The science is not finished, the debate is not over, as the left who support this legislation would tell you. It is quite far from over. There is some very doubtful science into whether or not manmade global warming is causing significant climate change, or whether that climate change is bad or not.

Oldham also attended AFP’s annual summit in October 2009, where the Competitive Enterprise Institute’s Myron Ebell, also funded by Koch, told AFP members that global warming is “phony”:

First I want to talk about global warming for a minute. Here’s the last 30 years. You’ll see for the last ten years we haven’t had any global warming. I think that shows the models are phony.

Watch it:

Ebell spoke at a panel moderated by AFP’s vice president of policy, Phil Kerpen, which also included radical climate conspiracy theorist Phelim McAleer and Koch front-group lifer Daniel Simmons.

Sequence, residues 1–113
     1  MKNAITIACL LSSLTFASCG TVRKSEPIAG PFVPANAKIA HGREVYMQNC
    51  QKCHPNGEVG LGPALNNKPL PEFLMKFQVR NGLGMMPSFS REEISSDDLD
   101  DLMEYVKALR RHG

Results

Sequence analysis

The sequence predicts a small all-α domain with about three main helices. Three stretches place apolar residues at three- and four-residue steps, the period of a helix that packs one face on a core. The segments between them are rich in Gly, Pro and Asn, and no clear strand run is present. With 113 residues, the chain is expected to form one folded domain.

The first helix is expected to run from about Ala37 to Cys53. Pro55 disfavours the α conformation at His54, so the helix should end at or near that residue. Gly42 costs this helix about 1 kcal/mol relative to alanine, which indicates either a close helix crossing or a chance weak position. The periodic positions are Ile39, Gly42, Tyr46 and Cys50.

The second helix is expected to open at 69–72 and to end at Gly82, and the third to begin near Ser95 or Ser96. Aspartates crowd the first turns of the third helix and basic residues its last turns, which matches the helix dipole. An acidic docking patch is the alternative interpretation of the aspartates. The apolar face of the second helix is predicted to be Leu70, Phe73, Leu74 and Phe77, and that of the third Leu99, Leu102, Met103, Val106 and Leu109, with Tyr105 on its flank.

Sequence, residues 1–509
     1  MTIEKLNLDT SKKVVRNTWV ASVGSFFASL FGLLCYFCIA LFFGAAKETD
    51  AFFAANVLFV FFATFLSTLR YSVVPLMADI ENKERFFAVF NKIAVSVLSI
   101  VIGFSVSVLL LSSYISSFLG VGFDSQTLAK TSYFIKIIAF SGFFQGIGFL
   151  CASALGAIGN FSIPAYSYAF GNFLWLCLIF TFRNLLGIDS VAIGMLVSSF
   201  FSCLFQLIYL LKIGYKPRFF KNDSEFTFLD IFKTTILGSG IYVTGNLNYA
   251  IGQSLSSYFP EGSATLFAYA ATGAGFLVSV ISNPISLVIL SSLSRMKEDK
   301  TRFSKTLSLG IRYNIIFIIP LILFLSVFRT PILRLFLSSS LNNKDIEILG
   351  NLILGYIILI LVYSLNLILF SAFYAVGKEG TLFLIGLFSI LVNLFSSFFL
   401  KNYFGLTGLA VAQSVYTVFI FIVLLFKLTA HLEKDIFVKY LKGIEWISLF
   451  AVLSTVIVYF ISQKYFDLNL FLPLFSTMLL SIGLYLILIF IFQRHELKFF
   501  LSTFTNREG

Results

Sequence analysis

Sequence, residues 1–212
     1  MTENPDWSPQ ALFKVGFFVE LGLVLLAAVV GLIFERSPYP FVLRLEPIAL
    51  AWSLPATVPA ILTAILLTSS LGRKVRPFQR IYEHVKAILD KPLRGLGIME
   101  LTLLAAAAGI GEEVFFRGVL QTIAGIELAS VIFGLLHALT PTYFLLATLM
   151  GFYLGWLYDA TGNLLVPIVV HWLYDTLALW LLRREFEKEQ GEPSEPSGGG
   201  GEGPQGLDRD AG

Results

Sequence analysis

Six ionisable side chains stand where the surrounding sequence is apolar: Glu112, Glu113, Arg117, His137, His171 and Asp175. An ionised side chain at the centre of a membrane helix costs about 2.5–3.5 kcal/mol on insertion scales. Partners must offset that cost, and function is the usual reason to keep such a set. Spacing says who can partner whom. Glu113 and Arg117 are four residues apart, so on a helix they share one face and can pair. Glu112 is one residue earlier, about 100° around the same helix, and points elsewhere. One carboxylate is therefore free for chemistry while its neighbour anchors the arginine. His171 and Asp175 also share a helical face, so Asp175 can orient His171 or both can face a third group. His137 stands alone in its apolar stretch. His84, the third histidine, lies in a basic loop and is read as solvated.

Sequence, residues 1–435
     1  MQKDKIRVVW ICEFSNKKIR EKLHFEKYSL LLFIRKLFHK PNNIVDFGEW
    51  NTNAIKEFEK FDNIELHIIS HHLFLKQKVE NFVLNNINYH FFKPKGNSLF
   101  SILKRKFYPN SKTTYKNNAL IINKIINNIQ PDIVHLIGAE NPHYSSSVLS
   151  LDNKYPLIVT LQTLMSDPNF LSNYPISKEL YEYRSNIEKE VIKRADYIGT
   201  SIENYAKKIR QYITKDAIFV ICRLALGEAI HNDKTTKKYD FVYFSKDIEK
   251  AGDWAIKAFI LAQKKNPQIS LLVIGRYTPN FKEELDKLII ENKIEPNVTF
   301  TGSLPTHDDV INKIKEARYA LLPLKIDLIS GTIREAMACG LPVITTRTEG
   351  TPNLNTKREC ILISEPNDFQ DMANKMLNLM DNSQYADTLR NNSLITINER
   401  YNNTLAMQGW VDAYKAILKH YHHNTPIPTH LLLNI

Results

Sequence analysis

When the Wonk Room noted that numerous Republican candidates who question climate science are also signatories of the AFP “No Climate Tax” pledge, AFP argued that “our pledge has nothing to do with science,” complaining, “Why can’t Think Progress approach this issue with intellectual honesty, instead of distorting our sincere efforts to fight government growth as some sort of scientific position?”

“We’ve strived to encourage an intellectually honest debate on the scientific basis for claims of harm from greenhouse gases,” Koch Industries spokeswoman Melissa Cohlmia claimed in March, 2010.